There's absolutely no doubt that Marvel has the biggest cinematic universe in the world today. Everything that Marvel has thrown at the big screen, ever since Iron Man, has struck gold and the reviews have been largely positive. It's reached a point where Marvel can make movies on the most obscure of characters - the C listers in its comic roster such as Ant-Man and Guardians of the Galaxy - and still have the audience flocking to the cinemas. It's not going to be any different for its latest offering - Captain America: Civil War. But that doesn't mean it's any good.
Before we get into what's wrong with the movie, you should take a look at our Civil War guide to familiarise yourself with the significance of Marvel's Civil War event. In the world of comic books, Marvel's Civil War was a big deal. The comic event has its roots in the very real-world problem of collateral damage, and it's something that will take place when great power lies in the hands of people who can't control it. It's a story that has large-scale destruction, great loss of human life, and battles that follow between super-powered beings and humanity alike.
That event was the collision of unstoppable forces with immovable ideologies that got humanity divided as well, hence the name Civil War. And once it was over, it changed the Marvel universe forever.
The biggest challenge that the MCU faced with a subject like Civil War that was it lacked two major aspects of the event - the volume of characters and a cause that the audience can care about. And that's where the problem starts with the movie. The film changes the basis on which the Civil War begins and turns it into an issue that frankly doesn't even seem like that big a dilemma.
Captain America's reasoning to not sign the agreement is unconvincing to the point where many of his friends don't see eye-to-eye with him on the subject. He frankly seems a bit stupid and arrogant when refusing to sign up, and he's supposed to be the protagonist you're rooting for. The result is a rift in the Avengers, leading to a difference of opinion between a handful of super-powered beings who belong to the same club, you call it a lot of things, but you certainly don't call it a 'civil war'.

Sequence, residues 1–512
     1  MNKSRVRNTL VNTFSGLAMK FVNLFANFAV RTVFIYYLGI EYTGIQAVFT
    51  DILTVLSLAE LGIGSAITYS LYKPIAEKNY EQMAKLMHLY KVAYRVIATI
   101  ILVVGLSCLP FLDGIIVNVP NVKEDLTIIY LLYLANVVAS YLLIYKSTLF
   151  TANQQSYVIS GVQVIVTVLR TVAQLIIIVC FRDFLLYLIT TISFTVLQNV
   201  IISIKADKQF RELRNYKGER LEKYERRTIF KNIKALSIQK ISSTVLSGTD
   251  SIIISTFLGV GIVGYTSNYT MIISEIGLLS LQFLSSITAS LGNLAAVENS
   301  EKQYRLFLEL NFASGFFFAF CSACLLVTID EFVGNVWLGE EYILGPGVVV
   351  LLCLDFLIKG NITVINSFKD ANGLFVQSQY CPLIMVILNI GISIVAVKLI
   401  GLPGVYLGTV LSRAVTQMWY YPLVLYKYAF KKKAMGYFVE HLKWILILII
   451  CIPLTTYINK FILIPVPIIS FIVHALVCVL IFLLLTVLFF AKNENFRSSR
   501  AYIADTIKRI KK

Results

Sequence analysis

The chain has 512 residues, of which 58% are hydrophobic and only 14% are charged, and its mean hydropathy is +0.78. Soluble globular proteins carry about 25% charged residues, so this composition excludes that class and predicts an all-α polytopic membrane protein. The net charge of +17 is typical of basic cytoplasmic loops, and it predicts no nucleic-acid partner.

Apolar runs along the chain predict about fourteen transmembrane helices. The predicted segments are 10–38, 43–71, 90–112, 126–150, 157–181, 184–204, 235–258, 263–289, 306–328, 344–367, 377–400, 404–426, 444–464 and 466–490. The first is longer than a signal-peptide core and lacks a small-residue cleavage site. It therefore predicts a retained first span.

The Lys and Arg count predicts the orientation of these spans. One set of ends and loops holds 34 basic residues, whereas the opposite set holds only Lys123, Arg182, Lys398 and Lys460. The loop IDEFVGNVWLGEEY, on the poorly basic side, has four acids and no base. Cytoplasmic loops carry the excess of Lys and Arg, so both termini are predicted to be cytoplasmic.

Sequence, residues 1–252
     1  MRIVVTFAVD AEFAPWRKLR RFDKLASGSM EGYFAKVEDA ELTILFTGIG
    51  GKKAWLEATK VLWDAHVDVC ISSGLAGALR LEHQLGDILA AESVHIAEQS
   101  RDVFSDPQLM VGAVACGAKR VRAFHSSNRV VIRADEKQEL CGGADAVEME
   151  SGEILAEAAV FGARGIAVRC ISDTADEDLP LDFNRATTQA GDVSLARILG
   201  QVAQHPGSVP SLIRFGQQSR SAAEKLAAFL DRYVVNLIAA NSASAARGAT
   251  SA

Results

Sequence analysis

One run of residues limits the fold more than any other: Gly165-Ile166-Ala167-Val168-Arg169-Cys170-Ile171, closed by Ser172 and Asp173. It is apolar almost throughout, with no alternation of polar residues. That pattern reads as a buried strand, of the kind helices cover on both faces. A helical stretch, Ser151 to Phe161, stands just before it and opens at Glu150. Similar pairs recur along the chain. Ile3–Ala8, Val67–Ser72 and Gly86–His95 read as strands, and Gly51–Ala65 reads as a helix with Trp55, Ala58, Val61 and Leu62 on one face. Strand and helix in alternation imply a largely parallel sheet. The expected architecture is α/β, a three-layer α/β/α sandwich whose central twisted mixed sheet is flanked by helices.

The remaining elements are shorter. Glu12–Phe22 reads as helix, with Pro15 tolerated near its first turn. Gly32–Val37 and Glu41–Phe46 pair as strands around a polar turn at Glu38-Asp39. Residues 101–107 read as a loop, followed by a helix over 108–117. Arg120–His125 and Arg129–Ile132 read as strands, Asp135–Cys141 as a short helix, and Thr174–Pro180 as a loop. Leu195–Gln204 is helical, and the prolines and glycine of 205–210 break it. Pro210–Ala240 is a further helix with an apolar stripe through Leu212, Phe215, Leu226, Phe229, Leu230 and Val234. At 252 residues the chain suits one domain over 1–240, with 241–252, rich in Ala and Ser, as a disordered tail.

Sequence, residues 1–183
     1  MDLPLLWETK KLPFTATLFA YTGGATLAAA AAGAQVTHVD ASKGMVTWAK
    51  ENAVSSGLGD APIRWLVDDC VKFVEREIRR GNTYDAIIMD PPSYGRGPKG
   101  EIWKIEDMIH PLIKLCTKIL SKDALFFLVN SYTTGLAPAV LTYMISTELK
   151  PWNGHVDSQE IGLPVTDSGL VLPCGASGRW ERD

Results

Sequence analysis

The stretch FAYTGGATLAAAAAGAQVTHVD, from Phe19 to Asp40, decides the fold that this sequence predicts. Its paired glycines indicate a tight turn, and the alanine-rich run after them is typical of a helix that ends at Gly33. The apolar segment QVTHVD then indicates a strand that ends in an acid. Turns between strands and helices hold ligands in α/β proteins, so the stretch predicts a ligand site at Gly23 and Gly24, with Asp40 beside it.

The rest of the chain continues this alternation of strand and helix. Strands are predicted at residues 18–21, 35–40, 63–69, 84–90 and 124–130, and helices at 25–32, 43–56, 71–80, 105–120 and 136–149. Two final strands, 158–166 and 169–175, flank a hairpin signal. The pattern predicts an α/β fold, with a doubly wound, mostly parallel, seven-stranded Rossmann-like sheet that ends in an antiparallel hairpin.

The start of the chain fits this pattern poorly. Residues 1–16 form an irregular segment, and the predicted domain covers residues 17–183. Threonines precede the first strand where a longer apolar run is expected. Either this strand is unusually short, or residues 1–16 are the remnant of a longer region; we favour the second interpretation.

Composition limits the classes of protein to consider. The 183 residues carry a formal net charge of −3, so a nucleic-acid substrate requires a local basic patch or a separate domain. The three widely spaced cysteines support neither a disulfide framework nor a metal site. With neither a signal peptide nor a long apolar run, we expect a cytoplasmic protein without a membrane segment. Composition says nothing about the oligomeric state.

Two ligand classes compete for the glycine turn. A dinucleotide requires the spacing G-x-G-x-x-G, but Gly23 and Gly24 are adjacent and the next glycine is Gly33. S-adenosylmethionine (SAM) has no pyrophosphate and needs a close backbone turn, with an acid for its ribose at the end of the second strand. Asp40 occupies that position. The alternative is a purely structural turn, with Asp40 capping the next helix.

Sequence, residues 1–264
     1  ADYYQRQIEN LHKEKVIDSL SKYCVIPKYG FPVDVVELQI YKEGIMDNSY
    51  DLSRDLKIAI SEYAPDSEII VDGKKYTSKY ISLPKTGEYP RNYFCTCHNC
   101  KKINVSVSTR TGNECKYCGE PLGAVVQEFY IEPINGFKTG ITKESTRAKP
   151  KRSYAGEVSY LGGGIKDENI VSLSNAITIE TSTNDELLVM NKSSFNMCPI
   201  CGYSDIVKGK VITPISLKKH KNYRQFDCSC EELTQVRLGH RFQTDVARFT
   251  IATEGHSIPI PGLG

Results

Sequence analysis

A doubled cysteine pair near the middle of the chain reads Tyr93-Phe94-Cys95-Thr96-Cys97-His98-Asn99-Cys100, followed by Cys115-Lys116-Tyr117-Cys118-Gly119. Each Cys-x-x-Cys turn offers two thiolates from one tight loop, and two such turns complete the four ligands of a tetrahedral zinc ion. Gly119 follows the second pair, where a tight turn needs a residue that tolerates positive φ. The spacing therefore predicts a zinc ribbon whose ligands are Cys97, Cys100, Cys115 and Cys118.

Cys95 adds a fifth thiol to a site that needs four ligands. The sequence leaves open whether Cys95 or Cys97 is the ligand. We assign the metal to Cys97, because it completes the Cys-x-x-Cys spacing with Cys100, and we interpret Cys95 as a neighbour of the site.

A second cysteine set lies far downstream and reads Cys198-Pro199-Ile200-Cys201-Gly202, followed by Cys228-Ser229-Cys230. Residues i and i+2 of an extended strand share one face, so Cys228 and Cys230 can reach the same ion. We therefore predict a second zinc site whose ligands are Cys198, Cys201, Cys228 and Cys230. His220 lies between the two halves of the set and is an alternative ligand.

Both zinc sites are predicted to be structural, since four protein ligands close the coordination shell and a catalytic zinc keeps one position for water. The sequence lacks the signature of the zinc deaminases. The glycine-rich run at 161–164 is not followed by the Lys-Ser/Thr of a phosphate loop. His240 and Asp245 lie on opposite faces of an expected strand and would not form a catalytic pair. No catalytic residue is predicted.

A civil war would divide general public opinion, create a rift in the population, and result in sacrifices from both sides. In this movie, the general public seems to have no particular opinion towards the matter and even the main characters seem a bit too relaxed about it.
The overall tongue-in-cheek dialogues and forced one-liners that come from each of the heroes not only makes them all feel too similar, but it also means that this doesn't look like a serious issue to begin with. Marvel's insistence on keeping things light and frothy reduces a clash of superheroes into a towel-fight between friends.
Yes, we may be simplifying things a bit here. But seeing the kind of action that the Russo brothers pulled off in Captain America: The Winter Soldier, the overly computer-generated action sequences come across as a series of pratfalls.
Black Panther joins MCU's superhero roster in Civil War, and works well in the scheme of things, though the character was written very one dimensionally for the movie. That said, his scenes will have you looking forward to the Black Panther solo film, currently scheduled for 2017. The other thing to enjoy about the movie is Spider-Man. Not that anyone had a doubt about Tom Holland pulling it off, but actually watching him on the big screen as Peter Parker gives you faith that the character is finally in the right hands.
Holland's innocent portrayal of Peter Parker adds a level of endearment that we never saw in Andrew Garfield. Civil War may not be using Spider-Man the way he was used in the comics storyline, but it was good to see him on screen, despite the feeling that he was shoehorned in as an afterthought.
So, should you watch it? Considering that you will have to, for the sake of continuity, it's not exactly a compelling question. Fans of the MCU will love the movie, as it follows the typical Marvel template. In fact, this one leans more towards Disney than Marvel. The problem is that Marvel used Civil War as a brand name and slapped it on a movie that doesn't match the scale or responsibility of the comic event of the same name.